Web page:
Long a stout representative of Arizona's agricultural community at the state Legislature, Rick Lavis, 76, passed away Saturday after a lengthy battle with cancer.
A committed, fair-minded advocate for his industry, cotton growing, Lavis in fact was more than a representative of an important sector of the Arizona economy. He also was a passionate advocate for his state's long-term economic best interests. And that included helping assure a bountiful water supply for all.
For his work with Arizona's water community, most recently as a member of Gov. Ducey's Water Augmentation Council, Lavis will be greatly missed.
As The Arizona Capitol Times noted in its recent memorial, Lavis came to the Arizona Cotton Growers Association at a critical moment in its history: in the very year, 1980, that the nation's most revolutionary groundwater-management act would dramatically impact cotton-growing in Arizona.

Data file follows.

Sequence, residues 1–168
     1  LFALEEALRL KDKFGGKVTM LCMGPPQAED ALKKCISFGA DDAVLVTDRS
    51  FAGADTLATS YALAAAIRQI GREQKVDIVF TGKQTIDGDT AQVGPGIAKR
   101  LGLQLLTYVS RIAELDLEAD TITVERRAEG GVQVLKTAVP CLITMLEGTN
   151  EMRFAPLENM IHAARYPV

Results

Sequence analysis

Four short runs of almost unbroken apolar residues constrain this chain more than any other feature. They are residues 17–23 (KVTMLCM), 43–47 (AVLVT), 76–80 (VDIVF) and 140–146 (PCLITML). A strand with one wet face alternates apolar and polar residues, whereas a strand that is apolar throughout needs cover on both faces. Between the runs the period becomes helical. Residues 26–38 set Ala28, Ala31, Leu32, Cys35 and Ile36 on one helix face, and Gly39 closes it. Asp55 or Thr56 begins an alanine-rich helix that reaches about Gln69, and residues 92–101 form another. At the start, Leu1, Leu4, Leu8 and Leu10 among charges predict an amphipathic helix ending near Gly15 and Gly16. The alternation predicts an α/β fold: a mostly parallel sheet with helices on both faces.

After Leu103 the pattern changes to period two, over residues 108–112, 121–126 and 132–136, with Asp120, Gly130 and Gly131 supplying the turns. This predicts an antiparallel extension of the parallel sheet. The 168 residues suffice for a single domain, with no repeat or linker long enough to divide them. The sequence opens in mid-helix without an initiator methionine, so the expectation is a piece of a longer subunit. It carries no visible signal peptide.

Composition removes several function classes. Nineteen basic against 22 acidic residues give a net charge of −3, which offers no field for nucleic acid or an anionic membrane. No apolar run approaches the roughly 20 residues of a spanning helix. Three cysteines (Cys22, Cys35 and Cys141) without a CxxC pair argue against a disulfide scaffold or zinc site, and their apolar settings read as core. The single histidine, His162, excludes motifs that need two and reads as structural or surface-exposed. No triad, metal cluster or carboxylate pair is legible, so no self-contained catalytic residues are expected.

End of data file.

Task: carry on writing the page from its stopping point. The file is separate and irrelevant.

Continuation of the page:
He proved up to the task.
Lavis typically took the broad view that what was good for the economic vitality of his state was also good for his industry. Even as Arizona cotton production declined from a peak of 663,000 acres in 1981 to fewer than 100,000 acres by 2015, Lavis served as an active participant in the effort to protect the integrity of Arizona's water supplies.
In a defense of the cotton industry following a negative story about cotton-growing in Arizona, Lavis observed that "the water crisis along the Colorado River has many fathers, to be sure."
It has fewer stakeholders working to resolve that crisis. With the passing of this tall, gruff, straight-talking Arizonan, it has one strong advocate fewer.
In the water community, Rick Lavis will be sorely missed.